But the bar to pass these interviews is high: Migrants must prove they are “more likely than not” to face torture or persecution in Mexico.
In the pending litigation against the Trump administration, one appeals court judge said migrants might not know they have the right to ask for an interview about their fear of waiting in Mexico. But the government responded in a court filing that asking every migrant if they fear persecution in Mexico would likely produce false claims that “significantly slow down MPP processing and divert scarce resources.”
Tania said that when she was separated from her family and first sent back to Mexico in April, she had no opportunity to express her fears. Instead, she said, she was put on a bus and driven across the border. It was only two months later, at her first hearing in immigration court, that she had the chance to tell a judge she was scared, she said. He then referred her to an interviewer.
U.S. Citizenship and Immigration Services, the division of DHS that oversees the officers that conduct these interviews, declined to say how many migrants plead fear of returning to Mexico and how many are allowed into the United States, citing the litigation.
Instead, Reuters analyzed EOIR data, which tracks every case registered with U.S. immigration courts and shows which are transferred off the MPP docket. When people are returned to Mexico they are given a notice to appear in immigration court, entering them in the system.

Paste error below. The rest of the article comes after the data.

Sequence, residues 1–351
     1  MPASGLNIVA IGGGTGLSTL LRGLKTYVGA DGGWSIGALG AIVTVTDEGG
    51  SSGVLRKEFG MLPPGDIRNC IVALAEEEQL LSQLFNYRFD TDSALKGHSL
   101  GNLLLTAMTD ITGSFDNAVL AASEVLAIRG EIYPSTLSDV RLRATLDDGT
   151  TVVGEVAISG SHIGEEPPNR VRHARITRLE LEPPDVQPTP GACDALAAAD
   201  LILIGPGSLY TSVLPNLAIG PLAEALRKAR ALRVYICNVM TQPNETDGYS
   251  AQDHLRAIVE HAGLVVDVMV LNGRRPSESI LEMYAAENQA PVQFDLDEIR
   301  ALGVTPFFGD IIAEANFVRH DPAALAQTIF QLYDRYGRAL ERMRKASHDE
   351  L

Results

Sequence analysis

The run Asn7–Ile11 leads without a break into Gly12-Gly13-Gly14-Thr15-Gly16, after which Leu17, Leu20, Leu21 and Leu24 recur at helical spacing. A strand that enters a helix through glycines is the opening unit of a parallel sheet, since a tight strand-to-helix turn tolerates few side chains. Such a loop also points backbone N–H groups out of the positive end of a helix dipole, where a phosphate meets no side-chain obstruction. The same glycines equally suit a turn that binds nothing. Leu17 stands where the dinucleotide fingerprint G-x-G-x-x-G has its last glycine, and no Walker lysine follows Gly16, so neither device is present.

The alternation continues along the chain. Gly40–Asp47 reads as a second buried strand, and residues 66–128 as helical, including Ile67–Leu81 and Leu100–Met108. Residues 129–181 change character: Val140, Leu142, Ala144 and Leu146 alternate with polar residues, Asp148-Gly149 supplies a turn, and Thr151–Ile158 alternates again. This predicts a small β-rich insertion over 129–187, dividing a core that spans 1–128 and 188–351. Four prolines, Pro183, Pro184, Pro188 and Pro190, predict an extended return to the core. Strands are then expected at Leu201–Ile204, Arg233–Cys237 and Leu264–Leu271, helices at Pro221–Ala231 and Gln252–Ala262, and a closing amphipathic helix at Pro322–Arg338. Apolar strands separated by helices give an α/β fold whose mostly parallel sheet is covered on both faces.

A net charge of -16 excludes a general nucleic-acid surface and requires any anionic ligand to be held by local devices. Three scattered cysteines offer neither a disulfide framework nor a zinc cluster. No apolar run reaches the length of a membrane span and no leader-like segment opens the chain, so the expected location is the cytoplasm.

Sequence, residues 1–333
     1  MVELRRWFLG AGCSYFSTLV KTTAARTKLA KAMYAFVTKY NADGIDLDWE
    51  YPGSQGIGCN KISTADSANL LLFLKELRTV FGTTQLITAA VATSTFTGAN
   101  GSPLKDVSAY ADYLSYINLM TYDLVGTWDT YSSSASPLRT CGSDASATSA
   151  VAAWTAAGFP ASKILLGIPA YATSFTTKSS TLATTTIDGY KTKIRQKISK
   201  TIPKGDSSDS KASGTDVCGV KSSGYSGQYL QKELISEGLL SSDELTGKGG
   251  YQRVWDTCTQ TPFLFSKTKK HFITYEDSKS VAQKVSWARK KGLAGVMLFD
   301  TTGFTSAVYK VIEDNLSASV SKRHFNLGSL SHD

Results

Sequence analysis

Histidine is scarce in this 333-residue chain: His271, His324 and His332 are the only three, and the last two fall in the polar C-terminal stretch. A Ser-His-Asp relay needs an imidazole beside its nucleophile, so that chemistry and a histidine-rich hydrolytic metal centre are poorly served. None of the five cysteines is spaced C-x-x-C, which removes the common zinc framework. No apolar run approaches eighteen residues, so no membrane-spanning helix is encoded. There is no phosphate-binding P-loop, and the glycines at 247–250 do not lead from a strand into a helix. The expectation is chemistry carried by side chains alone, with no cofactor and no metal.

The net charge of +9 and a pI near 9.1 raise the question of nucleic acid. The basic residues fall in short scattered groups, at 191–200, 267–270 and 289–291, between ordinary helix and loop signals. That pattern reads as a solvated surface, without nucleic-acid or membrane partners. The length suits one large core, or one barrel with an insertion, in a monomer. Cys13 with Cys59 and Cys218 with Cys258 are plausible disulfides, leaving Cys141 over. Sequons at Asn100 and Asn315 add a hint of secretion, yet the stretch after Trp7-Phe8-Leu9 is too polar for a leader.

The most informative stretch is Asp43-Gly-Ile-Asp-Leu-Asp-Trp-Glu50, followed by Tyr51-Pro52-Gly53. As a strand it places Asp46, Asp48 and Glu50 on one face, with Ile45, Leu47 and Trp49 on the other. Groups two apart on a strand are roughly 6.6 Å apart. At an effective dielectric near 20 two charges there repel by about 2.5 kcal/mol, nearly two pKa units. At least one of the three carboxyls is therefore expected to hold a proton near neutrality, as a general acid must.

Reuters could not track people who may have been removed from the MPP program before their cases were registered with the court. For reasons that are unclear, the total of 8,718 cases registered by June 5 falls somewhat short of the number of migrants that Mexican officials said had been sent back by then.
Immigration lawyers handling MPP cases in El Paso and San Diego said the transfers are a good indication of how many people have been allowed in to wait in the United States, though they say some migrants likely were let in because they were pregnant, sick or otherwise deemed vulnerable – not because they passed a fear interview.
CARTELS AND CRIME
So far, most MPP migrants have been returned to Tijuana and Juarez, Mexican cities with high murder rates, where gangs and drug cartels operate and migrants often are kidnapped or robbed, they and their advocates say.
Returned migrants also say they struggle to find work, immigration lawyers and a permanent address where they can receive notice of their court hearings – circumstances that fall far short of persecution but can affect their cases or ability to continue waiting. At least 106 immigrants in the program have been ordered deported in absentia, meaning they did not show up to hearings, Reuters found.
Authorities appear to have broad discretion in deciding who is placed in the MPP program. Tania was the only one in her family to be singled out. Her mother and younger sisters were allowed to wait in the United States, even as many other adults with children have been returned to Mexico.
More than 3,000 of those returned to Mexico are children, Reuters found, including 107 babies less than one year old.
DHS officials have said the policy would not apply to unaccompanied minors or Mexicans; however, the data shows 18 Mexicans and one unaccompanied minor on the MPP court docket.
The MPP program includes more than 4,200 Guatemalans, 3,000 Hondurans and 1,300 Salvadorans along with a handful of migrants from Peru, Ecuador, and Nicaragua, according to the EOIR data.
Reuters found the bulk of their individual asylum hearings have been set for this summer and fall, and a handful for later this year and early 2020.
Tania’s individual hearing has yet to be scheduled.
(Editing by Julie Marquis and Paul Thomasch)